The effects of attitudes and personality traits on mode choice
AbstractWe hypothesise that differences in people's attitudes and personality traits lead them to attribute varying importance to environmental considerations, safety, comfort, convenience and flexibility. Differences in personality traits can be revealed not only in the individuals' choice of transport, but also in other actions of their everyday lives--such as how much they recycle, whether they take precautions or avoid dangerous pursuits. Conditioning on a set of exogenous individual characteristics, we use indicators of attitudes and personality traits to form latent variables for inclusion in an, otherwise standard, discrete mode choice model. With a sample of Swedish commuters, we find that both attitudes towards flexibility and comfort, as well as being pro-environmentally inclined, influence the individual's choice of mode. Although modal time and cost still are important, it follows that there are other ways, apart from economic incentives, to attract individuals to the, from society's perspective, desirable public modes of transport. Our results should provide useful information to policy-makers and transportation planners developing sustainable transportation systems.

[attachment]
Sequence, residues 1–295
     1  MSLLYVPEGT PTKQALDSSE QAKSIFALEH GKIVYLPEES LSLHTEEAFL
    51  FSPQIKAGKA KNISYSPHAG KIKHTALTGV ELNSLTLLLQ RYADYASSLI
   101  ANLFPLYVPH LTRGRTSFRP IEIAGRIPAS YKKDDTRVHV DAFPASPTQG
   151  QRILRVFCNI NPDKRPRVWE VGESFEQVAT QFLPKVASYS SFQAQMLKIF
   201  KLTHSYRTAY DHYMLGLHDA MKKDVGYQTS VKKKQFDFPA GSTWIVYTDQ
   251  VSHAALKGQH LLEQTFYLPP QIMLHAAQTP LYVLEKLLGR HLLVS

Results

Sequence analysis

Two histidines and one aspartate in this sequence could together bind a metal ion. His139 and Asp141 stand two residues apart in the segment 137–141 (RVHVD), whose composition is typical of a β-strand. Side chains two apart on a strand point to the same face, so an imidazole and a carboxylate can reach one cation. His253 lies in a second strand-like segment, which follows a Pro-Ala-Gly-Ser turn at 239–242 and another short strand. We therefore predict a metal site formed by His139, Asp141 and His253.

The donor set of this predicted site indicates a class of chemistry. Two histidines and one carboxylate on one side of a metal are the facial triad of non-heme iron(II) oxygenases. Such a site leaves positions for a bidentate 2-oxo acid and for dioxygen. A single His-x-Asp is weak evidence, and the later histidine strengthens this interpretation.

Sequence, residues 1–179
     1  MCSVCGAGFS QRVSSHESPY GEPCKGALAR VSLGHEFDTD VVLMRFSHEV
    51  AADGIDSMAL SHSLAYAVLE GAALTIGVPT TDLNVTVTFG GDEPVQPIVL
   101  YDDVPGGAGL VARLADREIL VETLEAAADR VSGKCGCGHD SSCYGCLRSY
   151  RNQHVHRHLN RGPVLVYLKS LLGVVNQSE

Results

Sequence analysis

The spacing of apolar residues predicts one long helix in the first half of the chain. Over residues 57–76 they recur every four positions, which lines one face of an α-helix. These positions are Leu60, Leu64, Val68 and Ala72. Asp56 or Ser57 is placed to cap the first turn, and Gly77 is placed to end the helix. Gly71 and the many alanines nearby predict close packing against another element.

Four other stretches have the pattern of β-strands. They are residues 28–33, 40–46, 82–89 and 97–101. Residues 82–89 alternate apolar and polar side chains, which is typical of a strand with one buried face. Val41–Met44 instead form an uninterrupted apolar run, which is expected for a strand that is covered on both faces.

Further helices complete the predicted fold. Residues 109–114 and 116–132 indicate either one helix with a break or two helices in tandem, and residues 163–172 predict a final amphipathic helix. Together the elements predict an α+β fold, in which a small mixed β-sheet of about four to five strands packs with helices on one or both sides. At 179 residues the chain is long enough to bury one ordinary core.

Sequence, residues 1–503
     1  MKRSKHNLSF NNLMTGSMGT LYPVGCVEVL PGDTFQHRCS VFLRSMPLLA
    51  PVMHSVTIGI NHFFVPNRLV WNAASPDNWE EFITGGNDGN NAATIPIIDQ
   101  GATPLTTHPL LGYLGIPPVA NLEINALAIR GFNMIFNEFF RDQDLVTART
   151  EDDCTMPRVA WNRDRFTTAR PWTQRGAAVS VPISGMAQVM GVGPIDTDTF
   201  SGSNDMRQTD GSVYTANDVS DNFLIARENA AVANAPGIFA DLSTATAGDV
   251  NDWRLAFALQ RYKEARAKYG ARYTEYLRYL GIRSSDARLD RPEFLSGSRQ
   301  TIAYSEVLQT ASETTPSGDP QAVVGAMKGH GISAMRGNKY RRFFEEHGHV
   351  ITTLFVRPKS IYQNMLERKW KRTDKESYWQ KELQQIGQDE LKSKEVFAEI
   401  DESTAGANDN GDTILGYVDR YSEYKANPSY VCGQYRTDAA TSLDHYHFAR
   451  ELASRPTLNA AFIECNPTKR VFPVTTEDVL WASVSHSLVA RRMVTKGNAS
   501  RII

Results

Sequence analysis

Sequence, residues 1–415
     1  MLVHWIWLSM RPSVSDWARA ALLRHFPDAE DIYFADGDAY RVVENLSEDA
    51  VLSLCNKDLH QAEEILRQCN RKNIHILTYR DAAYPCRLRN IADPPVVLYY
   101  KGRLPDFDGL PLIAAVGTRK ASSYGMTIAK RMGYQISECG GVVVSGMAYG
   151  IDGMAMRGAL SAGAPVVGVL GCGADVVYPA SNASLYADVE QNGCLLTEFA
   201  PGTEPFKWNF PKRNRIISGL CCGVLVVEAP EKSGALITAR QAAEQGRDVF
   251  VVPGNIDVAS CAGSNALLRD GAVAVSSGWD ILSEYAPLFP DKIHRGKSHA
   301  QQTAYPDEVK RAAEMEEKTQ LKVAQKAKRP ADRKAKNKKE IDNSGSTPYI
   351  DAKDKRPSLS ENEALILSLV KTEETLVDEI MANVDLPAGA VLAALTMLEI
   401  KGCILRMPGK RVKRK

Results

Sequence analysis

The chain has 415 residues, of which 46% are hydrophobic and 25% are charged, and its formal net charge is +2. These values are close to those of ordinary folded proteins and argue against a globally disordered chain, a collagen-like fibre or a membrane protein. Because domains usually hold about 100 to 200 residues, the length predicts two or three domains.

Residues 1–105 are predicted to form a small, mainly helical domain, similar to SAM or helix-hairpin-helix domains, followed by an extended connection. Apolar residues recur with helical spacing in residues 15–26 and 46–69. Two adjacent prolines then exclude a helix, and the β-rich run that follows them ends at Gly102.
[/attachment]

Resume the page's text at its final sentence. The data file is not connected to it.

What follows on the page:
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Bibliographic InfoArticle provided by Elsevier in its journal Transportation Research Part A: Policy and Practice.
Volume (Year): 40 (2006)
Issue (Month): 6 (July)
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